Flood hazard reduction efforts lower insurance costs for property owners

Scottsdale property owners started saving more on flood insurance May 1 thanks to flood hazard reduction efforts by the city.

Scottsdale scored tops in the state among municipalities during a recent federal audit of floodplain management practices, ranking in the top 1 percent of all U.S. cities and counties.  

“These rankings are a significant achievement for our community,” said Mayor Jim Lane. “Through our efforts at floodplain management, property is safer and insurance costs are lower for citizens. That’s an excellent return for citizens on taxpayers’ investment.”

There are 8,160 flood insurance policies in Scottsdale – more than any other Arizona community and more than one-fourth of the state’s total. Scottsdale’s percentage is high because of the area’s topography. In heavy rains, floodwaters cascade down mountain terrain to place areas at risk. Portions of Scottsdale also experience urban flooding.

Scottsdale’s rating for flood risk improved from Class 6 to Class 5 because of the audit — a move that will boost the premium discount in special flood hazard areas from 20 to 25 percent. Policy holders outside the special flood hazard areas will continue to see their premiums reduced by 10 percent.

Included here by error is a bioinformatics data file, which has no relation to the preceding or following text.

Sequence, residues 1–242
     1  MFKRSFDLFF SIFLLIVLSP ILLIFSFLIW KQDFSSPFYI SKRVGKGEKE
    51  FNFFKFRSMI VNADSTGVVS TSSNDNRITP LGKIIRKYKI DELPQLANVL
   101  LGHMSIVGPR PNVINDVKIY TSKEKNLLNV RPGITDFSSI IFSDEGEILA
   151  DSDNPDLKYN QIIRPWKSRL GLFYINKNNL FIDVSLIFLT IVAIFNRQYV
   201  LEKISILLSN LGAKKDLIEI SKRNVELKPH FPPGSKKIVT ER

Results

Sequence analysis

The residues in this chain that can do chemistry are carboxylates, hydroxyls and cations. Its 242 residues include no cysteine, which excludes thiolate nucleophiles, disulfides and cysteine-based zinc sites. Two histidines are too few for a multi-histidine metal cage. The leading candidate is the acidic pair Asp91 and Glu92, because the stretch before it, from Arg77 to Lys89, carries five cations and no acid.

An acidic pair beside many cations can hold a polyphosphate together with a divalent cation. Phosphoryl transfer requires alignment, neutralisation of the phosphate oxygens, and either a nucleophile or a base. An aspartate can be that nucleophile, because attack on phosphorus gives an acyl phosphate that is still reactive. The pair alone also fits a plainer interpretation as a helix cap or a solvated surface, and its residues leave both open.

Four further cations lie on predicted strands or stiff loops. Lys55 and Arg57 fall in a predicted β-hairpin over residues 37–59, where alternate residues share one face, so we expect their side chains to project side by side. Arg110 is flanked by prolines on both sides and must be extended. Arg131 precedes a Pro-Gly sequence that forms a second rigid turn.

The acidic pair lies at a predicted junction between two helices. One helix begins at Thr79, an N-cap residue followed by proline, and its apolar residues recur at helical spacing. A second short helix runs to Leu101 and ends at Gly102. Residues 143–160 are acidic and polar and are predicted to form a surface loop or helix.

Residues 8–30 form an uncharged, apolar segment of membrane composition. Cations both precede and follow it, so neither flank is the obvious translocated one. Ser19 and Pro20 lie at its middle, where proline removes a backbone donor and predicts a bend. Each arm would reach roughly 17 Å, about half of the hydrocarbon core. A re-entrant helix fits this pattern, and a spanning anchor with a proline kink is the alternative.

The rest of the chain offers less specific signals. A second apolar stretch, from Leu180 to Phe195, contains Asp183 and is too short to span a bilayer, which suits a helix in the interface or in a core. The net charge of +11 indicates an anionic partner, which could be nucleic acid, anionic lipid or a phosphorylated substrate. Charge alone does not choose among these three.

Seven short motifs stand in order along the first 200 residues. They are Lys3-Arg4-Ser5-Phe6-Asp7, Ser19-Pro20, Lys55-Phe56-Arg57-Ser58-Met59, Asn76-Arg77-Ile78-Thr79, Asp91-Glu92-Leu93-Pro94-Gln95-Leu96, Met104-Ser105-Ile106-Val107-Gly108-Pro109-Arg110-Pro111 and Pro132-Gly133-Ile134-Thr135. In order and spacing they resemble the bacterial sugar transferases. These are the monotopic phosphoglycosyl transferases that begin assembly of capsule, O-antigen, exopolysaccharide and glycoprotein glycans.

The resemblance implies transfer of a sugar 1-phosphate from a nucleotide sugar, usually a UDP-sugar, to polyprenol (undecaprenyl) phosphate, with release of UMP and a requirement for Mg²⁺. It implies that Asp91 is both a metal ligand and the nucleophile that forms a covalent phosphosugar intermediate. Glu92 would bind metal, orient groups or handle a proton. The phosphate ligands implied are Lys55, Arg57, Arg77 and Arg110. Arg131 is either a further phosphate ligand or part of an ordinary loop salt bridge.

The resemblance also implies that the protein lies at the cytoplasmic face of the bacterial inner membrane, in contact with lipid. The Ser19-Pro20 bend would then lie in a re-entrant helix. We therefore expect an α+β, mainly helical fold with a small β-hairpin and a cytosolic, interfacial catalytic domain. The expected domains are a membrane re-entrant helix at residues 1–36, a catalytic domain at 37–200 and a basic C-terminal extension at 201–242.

These adjustments will collectively save flood insurance policy holders an additional $200,000 a year and bring total annual premium savings to $1.1 million annually. That breaks down to an average overall savings of $137 per year per policy.

In its audit, FEMA’s Insurance Services Office stated Scottsdale excelled in several flood hazard reduction and floodplain management areas, including:

  • Maintaining flood-prone areas as open space
  • Adopting and enforcing higher regulatory standards than those required by FEMA
  • Partnering with the Flood Control District of Maricopa County to complete area drainage master studies and plans for several watersheds, comprising over half the city’s area
  • Adopting and enforcing regulations that prohibit new development from increasing flood hazards to neighboring properties

In all, FEMA’s Insurance Services Office credited Scottsdale in 14 areas of flood hazard mitigation and floodplain management.

To recognize Scottsdale’s superior floodplain management practices, FEMAlinks to external site will present a plaque to the city at a June 5 City Council study session. The meeting begins at 4 p.m. at City Hall, 3939 N Drinkwater Blvd.

Because severe weather and flooding can be unpredictable in the desert, Scottsdale urges all residents to consider carrying flood insurance. Get more informationlinks to external site on the National Flood Insurance Program.

 

 

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